A health care power of attorney is a document that gives specific privileges to an agent for the purpose of making health care decisions for you in the event you become incapacitated or unconscious and are unable to make your own health care decisions. Who you appoint to be that agent, however, can be a difficult choice. Your agent should ideally be someone who knows you well, has an ability to make sound judgments, and knows what decisions you would want to be made in certain situations.
But which agents should you avoid? And what about alternate agents?
Avoiding Those Who Work in Health Care
You may initially think someone who works in health care would be the best choice as an agent. However, it may not really be a good idea, depending on how trusting you are with your doctor or other health care professional. In fact, many states, including Ohio, prohibit naming your health care provider as your agent altogether. This is out of concern that your doctor might have a bias towards what they feel is best rather than providing you with the care that you actually want.
Others to Avoid
The same situations apply to those working for the government or someone appointed by a court to handle your estate. Most state laws will prevent you from naming these people as your agent with the thought that they aren’t qualified to make any sound decision on your health.
Characteristics in the Perfect Agent
The main characteristic you should look at when choosing an agent is trust. You should pick someone that you know will make the health care decisions that are best for you and in your best interests. For example, if it is against your religion to receive a certain operation or medication, you must trust that your agent will relay this information to relevant medical personnel while you are incompetent. Make sure that your agent agrees with your health care wishes when the time comes. Otherwise, your agent could make uninformed assumptions as to what kind of care you actually want.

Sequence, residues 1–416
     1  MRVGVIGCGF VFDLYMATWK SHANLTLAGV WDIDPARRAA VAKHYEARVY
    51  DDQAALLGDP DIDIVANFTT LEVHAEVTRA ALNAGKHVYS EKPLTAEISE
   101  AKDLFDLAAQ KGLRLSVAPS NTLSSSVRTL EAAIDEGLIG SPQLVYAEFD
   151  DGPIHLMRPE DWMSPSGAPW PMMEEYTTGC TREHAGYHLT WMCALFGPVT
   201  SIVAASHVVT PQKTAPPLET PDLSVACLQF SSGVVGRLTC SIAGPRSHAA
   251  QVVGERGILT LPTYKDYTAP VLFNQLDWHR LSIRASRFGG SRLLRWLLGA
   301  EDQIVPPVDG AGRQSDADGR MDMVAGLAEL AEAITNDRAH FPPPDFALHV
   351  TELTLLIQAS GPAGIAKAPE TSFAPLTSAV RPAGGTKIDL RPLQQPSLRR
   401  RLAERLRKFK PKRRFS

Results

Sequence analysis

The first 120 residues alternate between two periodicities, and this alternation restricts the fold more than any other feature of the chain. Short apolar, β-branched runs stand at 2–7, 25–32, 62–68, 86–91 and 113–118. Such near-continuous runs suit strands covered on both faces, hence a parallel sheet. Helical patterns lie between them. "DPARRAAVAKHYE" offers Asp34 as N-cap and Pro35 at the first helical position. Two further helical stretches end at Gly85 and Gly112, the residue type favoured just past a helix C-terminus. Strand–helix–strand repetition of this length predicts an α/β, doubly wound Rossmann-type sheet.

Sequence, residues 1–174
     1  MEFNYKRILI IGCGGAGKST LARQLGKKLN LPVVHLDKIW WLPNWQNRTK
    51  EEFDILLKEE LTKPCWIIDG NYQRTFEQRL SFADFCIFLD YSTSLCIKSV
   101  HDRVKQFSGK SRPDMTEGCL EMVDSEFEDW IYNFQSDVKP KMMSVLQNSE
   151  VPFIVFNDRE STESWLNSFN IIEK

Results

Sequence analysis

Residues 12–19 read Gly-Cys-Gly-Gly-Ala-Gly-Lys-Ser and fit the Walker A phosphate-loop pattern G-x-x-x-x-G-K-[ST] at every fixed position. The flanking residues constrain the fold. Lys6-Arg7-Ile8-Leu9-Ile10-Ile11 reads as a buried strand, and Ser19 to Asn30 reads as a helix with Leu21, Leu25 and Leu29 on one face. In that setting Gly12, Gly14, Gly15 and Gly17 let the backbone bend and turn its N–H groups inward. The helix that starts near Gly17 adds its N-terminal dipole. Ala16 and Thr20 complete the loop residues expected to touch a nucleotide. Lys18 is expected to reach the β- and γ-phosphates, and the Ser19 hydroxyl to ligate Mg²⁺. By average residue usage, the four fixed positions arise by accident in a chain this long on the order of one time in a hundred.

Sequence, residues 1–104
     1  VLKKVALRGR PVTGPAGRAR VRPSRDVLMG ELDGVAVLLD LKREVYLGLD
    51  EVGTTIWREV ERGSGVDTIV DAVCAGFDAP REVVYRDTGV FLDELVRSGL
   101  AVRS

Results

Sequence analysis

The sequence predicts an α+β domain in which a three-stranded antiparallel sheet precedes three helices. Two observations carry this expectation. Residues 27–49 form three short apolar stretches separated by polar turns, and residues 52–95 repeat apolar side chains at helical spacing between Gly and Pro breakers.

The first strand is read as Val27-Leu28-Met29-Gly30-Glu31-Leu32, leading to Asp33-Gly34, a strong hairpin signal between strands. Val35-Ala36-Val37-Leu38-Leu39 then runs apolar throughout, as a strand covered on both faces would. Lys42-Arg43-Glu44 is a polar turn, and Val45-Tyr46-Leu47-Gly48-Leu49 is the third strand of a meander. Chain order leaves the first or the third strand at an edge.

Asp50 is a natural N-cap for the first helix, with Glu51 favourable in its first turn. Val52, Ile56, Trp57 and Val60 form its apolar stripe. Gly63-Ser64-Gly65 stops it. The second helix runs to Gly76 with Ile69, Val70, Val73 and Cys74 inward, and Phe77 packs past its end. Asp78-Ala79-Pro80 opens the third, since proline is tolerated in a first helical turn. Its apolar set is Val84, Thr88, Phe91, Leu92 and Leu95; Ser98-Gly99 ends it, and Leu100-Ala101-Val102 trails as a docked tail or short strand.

Choosing Alternate Agents
Your Health Care Power of Attorney should always include alternate agents in case your primary agent becomes unable or unwilling to perform his/her duties. It is preferable to pick at least two alternates to prepare for the unexpected. The same qualities you looked for in your primary agent should be sought for your alternates, no matter how challenging that might be. It is also sometimes a good idea to make multiple parties your primary or alternate agents. For example, if you have 3 children, you may not want to put the burden of making health care decisions on only one child. By appointing all 3 children as your agents, it would require 2/3 children to approve difficult health care decisions. That way, one child does not have as much grief or doubt that he/she is making the best decision.
To prevent potential stress and turmoil on your family if you become unconscious or incompetent, it is imperative that your estate plan provides a Health Care Power of Attorney. Choosing the right agent(s) for this document can be challenging, so consulting an estate planning attorney to help you with this decision can give you some peace of mind.
Bill Hesch is a CPA, PFS (Personal Financial Specialist), and an attorney licensed in Ohio and Kentucky who helps clients with their financial and estate planning. He also practices elder law planning, corporate law, Medicaid planning, tax law, and probate in the Greater Cincinnati and Northern Kentucky areas. His practice area includes Hamilton County, Butler County, Warren County, and Clermont County in Ohio, and Campbell County, Kenton County, and Boone County in Kentucky. Contact Bill to review your estate plan and see if your Health Care Power of Attorney agent(s) are the right fit for you.